A total of 71 Chinese military aircraft and seven naval vessels were detected around Taiwan from 6am on Sunday to 6am yesterday, the Ministry of National Defense said.
It was the most Chinese military craft detected within a 24-hour period so far this year.
Forty-seven aircraft were spotted either crossing the median line of the Taiwan Strait or entering Taiwan’s southwestern air defense identification zone (ADIZ), the ministry said.
The armed forces monitored the situation, and tasked combat air patrol aircraft, navy vessels and land-based missile systems to respond to the Chinese activities.
The Chinese planes included 12 Shenyang J-11 and six Sukhoi Su-30 fighter jets, one CASC Rainbow CH-4 uncrewed aerial vehicle, six Chengdu J-10 and 18 J-16 fighter jets, one Shaanxi Y-8 EW, one Y-8 ASW, and one KJ-500 airborne early warning and control plane, as well as one Guizhou WZ-7 Soaring Dragon drone, the ministry said.
The ministry on Sunday evening said the Chinese maneuvers amounted to intimidation and psychological warfare aimed at manipulating public opinion in Taiwan.
It said Taiwan-US cooperation is conducive to freedom, openness, and peace and stability in the Indo-Pacific region, and that the military would continue to improve its preparations based on enemy threats and self-defense needs.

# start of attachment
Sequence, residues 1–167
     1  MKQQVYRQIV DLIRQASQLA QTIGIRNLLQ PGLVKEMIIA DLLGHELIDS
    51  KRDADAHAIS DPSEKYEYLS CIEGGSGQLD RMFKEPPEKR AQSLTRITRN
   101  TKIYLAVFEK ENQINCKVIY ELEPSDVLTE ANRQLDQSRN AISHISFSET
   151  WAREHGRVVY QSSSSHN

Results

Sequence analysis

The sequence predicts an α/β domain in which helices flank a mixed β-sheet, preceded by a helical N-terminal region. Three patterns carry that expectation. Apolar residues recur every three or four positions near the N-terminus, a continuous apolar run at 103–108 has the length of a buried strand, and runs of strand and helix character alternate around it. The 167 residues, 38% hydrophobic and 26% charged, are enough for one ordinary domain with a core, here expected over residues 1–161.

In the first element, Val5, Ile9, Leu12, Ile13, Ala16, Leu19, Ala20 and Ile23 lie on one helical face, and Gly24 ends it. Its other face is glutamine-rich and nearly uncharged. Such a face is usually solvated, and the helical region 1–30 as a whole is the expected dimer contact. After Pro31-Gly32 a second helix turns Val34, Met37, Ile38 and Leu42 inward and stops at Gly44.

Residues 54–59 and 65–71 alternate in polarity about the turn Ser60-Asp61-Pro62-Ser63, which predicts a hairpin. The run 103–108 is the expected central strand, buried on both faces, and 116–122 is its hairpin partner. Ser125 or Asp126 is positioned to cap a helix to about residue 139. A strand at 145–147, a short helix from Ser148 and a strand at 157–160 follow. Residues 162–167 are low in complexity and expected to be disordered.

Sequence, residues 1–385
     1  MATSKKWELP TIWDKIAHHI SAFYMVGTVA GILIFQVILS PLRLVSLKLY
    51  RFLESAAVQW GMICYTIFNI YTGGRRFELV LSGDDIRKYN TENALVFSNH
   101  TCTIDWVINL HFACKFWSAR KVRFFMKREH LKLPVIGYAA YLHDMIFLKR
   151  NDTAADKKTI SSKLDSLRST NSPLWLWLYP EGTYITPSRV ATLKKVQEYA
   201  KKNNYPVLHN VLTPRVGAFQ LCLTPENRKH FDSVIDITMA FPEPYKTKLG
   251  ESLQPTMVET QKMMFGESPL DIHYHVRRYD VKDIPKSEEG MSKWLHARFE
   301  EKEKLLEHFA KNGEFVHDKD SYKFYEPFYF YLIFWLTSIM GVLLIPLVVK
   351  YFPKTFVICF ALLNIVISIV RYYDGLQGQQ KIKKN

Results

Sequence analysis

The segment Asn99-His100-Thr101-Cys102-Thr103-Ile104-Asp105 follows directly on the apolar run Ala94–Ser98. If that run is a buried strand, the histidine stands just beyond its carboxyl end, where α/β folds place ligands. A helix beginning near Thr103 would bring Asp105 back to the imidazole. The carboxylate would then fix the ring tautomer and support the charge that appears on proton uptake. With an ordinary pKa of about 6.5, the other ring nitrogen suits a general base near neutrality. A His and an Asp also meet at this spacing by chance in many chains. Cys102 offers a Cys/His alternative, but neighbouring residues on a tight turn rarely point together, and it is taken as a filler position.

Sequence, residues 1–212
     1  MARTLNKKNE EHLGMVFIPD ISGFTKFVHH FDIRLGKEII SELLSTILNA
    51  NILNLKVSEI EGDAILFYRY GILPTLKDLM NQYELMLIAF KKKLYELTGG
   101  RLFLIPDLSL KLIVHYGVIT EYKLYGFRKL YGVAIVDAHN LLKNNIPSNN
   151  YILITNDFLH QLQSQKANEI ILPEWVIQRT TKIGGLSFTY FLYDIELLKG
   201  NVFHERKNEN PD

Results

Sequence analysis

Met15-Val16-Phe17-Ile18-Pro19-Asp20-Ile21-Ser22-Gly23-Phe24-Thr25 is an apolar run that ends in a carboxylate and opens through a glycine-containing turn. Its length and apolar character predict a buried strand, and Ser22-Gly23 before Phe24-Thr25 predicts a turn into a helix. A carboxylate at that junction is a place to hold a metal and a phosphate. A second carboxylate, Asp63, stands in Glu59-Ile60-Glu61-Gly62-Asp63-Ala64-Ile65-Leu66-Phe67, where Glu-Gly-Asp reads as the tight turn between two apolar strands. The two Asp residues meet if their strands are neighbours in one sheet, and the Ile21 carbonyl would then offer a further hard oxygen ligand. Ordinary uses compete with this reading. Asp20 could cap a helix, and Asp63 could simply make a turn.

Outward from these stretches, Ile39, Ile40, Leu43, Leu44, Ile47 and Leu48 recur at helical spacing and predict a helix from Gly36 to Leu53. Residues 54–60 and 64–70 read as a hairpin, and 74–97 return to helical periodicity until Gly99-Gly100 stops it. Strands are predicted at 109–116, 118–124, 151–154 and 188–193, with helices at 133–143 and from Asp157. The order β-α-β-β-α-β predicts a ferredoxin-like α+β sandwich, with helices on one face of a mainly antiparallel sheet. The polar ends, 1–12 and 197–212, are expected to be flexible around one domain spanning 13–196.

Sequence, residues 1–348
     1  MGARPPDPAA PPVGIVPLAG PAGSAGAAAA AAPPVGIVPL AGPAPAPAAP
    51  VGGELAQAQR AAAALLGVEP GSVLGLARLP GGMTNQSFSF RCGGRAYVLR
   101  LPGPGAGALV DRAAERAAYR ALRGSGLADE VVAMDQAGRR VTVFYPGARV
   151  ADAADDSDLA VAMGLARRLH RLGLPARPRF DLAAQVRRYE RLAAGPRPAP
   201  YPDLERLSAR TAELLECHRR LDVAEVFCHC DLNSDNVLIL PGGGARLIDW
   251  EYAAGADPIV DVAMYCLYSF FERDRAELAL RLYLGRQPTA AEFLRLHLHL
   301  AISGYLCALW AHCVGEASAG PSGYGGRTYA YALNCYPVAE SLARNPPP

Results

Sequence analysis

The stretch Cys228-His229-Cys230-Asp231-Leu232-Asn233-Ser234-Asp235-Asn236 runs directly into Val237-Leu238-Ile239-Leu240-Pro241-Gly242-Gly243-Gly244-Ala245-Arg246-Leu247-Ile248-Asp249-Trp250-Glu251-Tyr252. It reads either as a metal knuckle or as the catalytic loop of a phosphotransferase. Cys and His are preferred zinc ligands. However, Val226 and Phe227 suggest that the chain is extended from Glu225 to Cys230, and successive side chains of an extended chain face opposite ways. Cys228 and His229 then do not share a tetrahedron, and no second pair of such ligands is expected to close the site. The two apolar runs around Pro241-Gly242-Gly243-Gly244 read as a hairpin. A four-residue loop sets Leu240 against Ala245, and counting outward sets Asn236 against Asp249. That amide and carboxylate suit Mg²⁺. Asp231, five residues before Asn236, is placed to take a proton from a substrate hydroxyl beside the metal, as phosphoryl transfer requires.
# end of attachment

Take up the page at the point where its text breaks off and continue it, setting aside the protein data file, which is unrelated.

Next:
Taiwan’s military is absolutely determined, capable and confident in defending the nation’s sovereignty and ensuring its security, it said.
Speaking at a legislative hearing yesterday, Mainland Affairs Council Minister Chiu Tai-san (邱太三) said he would issue a solemn protest over the incursions.
The ministry every day releases data on Chinese military incursions, not only regarding the nation’s ADIZ, but also crossings of the median line, Chiu said, adding that he is “of course very dissatisfied” with China’s actions.
The sorties by the Chinese People’s Liberation Army (PLA) came after US President Joe Biden on Friday signed into law the Fiscal 2023 National Defense Authorization Act, which includes provisions to authorize US$2 billion in loans to Taiwan to buy US-made weapons.
The act also includes a nonbinding provision that Taiwanese naval forces be included in the Rim of the Pacific military exercises to be carried out by the US military and its allies in the region in 2024.
However, the act does not require the US administration to invite Taiwan to join the drills.
Beijing has strongly objected to the act, seeing it as an attempt to change the “status quo” by challenging the “one China” policy and Sino-US joint agreements on how to handle the issue of Taiwan.
On Sunday, the PLA Eastern Theater Command held joint combat readiness patrols and “strike drills” in the sea and airspace around Taiwan.
“This is a resolute response to the current US-Taiwan provocation,” the command said.
Additional reporting by Chen Yu-fu
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